This week I had a chance to interview Brett McCracken. Brett teaches at Biola and is a keen cultural observer. I’ve always enjoyed his work. He has written two books. The first, Hipster Christianity created quite a splash when it came out. He pushed back against the attempt by the Church to be “cool.” Recently Brett wrote a terrific piece on Millenials for The Washington Post.
Now Brett has a new book out, Gray Matters, where he dives into delicate territory. How does the church handle the “gray areas” of life that are not specifically spelled out in Scripture and how does the Church handle it’s consumption of culture in a way that doesn’t lean to libertinism or legalism?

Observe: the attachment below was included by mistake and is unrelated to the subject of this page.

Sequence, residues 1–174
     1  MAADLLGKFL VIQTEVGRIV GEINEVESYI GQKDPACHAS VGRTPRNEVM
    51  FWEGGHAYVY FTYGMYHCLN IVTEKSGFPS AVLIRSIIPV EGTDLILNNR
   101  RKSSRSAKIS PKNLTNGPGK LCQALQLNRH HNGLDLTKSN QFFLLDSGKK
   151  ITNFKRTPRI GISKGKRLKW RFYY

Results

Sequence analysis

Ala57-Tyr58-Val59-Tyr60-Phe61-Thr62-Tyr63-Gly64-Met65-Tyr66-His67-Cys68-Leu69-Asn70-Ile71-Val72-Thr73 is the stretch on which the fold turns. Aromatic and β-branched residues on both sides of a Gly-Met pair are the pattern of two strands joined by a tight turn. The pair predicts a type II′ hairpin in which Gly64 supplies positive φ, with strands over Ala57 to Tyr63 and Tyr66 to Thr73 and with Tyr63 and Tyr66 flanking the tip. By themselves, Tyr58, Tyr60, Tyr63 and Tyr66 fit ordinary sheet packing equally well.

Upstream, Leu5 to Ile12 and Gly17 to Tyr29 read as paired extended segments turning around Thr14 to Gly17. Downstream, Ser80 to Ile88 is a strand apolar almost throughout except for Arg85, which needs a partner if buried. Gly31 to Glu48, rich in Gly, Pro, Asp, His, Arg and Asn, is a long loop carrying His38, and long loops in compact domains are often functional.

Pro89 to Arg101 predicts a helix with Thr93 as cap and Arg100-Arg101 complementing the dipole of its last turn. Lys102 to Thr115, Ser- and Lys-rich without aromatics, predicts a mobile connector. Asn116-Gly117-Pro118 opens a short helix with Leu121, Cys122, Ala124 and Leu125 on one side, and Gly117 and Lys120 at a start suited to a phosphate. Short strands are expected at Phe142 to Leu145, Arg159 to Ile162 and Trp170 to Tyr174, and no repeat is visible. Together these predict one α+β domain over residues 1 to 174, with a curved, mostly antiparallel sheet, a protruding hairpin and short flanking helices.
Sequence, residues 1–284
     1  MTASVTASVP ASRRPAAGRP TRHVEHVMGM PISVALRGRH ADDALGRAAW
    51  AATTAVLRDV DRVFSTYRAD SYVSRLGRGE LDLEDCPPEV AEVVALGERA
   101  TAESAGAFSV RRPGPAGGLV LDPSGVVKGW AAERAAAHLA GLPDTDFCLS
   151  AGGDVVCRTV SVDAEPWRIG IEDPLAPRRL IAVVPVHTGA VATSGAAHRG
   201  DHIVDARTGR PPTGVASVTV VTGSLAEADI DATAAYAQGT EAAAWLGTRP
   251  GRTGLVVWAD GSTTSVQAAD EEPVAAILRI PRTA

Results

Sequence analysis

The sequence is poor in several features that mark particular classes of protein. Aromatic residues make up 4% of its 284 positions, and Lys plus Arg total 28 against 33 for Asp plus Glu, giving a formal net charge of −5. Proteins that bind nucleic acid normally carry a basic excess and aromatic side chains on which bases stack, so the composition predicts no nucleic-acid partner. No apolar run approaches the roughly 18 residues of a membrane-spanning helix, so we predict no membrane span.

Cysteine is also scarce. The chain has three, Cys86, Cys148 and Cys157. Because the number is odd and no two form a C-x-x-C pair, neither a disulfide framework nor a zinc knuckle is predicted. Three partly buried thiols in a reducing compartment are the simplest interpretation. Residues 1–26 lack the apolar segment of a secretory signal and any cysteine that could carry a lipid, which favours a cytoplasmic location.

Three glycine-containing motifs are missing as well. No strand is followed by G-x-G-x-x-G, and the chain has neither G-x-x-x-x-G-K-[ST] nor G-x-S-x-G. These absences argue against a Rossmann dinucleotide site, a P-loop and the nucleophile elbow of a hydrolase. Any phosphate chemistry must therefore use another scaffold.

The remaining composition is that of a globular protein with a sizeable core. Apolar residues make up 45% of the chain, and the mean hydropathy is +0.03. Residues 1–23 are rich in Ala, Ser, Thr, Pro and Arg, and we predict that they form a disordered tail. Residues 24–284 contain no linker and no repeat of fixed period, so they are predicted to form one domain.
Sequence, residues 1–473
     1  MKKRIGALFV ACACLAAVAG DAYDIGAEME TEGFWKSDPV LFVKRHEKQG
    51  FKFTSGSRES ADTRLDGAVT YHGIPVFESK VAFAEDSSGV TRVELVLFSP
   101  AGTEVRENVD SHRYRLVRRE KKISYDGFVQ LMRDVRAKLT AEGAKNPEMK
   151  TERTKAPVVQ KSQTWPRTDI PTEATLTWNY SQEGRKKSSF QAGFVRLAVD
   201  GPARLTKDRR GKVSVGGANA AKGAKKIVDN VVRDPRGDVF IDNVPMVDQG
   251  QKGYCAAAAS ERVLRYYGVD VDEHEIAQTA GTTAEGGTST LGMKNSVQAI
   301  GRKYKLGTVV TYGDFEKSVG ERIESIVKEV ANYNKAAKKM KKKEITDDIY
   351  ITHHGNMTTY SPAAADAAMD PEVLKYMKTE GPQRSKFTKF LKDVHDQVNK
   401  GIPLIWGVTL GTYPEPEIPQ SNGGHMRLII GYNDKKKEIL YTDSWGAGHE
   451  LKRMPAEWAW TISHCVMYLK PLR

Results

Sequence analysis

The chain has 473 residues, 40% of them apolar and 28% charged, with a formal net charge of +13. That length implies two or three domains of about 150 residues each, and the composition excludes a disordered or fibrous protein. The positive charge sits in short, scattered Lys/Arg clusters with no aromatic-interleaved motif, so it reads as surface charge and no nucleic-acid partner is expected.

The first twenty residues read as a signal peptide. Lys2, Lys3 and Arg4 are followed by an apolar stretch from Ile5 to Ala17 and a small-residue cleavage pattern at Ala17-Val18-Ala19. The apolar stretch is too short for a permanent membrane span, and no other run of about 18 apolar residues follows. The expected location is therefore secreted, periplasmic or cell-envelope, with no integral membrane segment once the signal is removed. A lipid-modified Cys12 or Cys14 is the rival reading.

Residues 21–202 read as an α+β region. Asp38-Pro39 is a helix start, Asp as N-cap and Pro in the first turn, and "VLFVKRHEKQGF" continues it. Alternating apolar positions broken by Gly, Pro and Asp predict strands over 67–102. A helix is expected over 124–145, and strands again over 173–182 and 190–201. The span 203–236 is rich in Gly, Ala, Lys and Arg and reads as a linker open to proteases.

One of the questions I asked Brett was this one:
Pastors and church leaders wrestle with this question all the time—making decisions on worship styles, programming, and their own personal choices. What advice would you give to church leaders as they seek to navigate the tensions?
I would say that all of those decisions are worth talking about—just not too much. And certainly not at the expense of focusing on what really matters: being a gospel-centered community of worship and discipleship where people feel welcomed and Christ is glorified. I think that pastors and church leaders often assume that people want church to be more than it is. But mostly people just want a church to be a church; to embrace its tradition, the richness of doctrine, sacraments, and life together as a community of Christ-followers. Flashy graphics, smoke machines, high-tech videos, and hip worship leaders may get people in the door, but they are not the things people will stay for. And they are certainly not the things that are going to be transforming peoples’ lives in the long term.